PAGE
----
SOS Forum Post
Technical Editor Hugh Robjohns replies: Compressors usually react to the loudest part of the signal regardless of frequency (although many are designed to ignore the frequency extremes). So, if you use an equaliser first, then by boosting or cutting different parts of the spectrum, you will effectively alter the compressor's threshold at different frequencies, making it more or less responsive to those frequency regions.
In other words, the equaliser changes the way the compressor works on the sound, compressing signals in the boosted regions more than the rest, and vice versa. It's usually a fairly subtle effect, but it's worth bearing in mind. In general, though, equalising the compressor's side-chain is a much better way to set up 'frequency-conscious' compression, but then not all compressors have a side-chain input or a built-in side-chain EQ.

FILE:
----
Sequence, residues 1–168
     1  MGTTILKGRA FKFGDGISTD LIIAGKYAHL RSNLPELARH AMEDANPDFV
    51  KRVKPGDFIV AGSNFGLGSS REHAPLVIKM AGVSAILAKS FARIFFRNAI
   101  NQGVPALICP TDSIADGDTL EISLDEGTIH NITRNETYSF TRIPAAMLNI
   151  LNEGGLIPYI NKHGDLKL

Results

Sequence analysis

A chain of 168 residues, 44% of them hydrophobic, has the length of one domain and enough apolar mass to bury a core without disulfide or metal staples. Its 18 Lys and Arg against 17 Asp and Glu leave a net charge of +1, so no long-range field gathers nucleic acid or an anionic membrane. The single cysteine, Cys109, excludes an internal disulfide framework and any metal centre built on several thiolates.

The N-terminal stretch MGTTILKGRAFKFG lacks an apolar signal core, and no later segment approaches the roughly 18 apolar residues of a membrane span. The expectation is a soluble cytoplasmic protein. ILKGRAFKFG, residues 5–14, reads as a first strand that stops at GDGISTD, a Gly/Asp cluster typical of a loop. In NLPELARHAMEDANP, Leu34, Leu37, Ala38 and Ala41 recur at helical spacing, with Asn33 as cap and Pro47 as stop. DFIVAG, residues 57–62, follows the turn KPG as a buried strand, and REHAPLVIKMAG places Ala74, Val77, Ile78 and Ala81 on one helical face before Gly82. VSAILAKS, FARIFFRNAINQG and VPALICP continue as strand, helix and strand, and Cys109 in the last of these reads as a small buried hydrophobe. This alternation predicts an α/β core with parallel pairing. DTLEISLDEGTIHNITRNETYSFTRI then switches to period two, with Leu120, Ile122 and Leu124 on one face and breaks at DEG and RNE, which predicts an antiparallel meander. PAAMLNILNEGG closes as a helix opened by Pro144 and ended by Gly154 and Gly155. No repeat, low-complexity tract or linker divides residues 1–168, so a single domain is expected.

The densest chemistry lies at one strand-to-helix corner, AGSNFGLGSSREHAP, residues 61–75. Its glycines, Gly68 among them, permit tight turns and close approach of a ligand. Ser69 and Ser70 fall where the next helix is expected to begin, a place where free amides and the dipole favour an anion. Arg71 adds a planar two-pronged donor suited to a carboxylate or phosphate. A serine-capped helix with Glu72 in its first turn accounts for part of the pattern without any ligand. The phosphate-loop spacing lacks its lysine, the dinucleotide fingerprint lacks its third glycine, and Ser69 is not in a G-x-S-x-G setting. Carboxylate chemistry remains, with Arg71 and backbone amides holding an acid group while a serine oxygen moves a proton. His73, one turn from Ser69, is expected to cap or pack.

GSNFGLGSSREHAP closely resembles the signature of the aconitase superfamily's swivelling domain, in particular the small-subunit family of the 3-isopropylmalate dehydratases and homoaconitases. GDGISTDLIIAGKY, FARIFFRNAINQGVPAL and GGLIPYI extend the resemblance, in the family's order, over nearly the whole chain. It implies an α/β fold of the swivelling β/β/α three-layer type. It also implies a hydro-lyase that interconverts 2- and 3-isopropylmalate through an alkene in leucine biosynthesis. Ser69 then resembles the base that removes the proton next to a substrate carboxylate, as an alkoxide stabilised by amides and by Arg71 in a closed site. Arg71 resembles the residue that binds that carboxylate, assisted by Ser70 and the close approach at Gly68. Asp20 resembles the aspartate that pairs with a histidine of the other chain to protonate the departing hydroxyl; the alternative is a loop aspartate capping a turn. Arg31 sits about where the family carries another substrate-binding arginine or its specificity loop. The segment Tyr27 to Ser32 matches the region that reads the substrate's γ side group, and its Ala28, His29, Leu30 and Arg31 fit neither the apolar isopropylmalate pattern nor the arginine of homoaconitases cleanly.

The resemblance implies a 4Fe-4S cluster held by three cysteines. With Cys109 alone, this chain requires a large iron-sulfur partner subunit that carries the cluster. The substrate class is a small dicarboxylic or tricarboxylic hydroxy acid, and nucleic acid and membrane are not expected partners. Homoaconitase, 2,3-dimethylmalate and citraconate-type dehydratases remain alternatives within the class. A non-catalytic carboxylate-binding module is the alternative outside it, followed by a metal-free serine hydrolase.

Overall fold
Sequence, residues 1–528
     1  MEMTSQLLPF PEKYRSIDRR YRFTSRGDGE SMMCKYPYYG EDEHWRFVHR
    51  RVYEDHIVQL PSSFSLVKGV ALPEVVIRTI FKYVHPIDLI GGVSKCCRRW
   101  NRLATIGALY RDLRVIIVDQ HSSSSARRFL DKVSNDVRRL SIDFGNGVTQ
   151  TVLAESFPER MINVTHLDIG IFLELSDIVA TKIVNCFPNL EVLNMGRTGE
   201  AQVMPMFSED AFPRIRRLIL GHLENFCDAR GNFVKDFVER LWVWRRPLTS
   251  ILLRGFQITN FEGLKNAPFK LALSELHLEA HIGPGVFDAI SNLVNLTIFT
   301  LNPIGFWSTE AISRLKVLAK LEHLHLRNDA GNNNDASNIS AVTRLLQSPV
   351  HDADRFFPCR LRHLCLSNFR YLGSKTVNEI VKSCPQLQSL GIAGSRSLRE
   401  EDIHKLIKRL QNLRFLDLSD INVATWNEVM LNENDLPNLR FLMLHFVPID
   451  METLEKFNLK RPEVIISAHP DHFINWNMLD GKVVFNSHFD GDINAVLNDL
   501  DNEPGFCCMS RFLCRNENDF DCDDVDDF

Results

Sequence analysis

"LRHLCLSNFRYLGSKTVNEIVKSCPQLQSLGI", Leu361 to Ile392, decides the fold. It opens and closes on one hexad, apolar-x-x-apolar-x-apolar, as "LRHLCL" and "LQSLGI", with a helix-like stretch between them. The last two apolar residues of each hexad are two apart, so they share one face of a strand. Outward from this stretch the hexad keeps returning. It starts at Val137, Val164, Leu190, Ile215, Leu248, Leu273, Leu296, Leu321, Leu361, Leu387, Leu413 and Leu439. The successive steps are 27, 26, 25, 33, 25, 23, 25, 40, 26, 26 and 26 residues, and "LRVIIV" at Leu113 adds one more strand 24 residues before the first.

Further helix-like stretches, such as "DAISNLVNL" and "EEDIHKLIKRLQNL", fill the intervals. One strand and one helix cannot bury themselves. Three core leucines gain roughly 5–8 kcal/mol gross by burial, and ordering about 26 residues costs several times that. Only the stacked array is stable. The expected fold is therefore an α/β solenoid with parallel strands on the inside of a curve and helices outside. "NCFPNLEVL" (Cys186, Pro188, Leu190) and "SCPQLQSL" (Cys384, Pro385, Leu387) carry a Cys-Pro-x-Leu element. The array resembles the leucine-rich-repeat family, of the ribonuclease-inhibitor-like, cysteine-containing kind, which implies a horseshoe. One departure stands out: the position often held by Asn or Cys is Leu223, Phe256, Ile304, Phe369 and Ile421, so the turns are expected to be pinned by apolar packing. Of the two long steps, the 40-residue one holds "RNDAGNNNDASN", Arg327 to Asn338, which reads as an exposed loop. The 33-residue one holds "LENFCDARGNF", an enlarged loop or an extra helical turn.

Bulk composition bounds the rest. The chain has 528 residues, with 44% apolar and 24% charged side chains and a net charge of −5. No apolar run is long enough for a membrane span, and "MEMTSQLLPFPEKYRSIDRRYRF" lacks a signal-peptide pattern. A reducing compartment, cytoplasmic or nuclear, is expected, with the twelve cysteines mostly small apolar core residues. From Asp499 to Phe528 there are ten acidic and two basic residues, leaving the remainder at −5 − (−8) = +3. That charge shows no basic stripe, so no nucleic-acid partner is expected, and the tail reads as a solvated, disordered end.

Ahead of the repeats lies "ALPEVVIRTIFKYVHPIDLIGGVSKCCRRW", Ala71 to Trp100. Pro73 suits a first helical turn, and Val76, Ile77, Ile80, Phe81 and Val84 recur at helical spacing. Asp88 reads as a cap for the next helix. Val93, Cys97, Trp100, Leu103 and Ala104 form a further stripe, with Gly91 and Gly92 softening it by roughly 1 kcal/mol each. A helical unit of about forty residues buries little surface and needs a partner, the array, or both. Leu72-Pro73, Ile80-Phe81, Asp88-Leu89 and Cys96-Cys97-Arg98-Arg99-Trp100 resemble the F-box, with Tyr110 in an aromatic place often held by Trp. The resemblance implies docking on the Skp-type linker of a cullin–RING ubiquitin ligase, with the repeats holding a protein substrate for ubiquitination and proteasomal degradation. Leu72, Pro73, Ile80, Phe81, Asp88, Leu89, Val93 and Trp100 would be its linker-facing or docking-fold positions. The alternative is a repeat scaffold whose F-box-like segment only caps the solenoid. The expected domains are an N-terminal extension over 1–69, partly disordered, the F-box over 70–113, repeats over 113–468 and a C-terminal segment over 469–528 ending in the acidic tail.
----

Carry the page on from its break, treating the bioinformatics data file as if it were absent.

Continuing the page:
The more usual scenario is to equalise a signal after it has been compressed, in which case you're simply altering the tonality of the compressed signal.
Having said all that, when applying dynamics to drums most of the 'rules' can be thrown out of the window because often you are trying to create an effect, rather than simply modify the signal's dynamics in the traditional way. By boosting the high end of a snare drum prior to compression, for example, you can often control the amount of transient 'slap' that slips through, which is very helpful if the compressor doesn't have an adjustable attack time!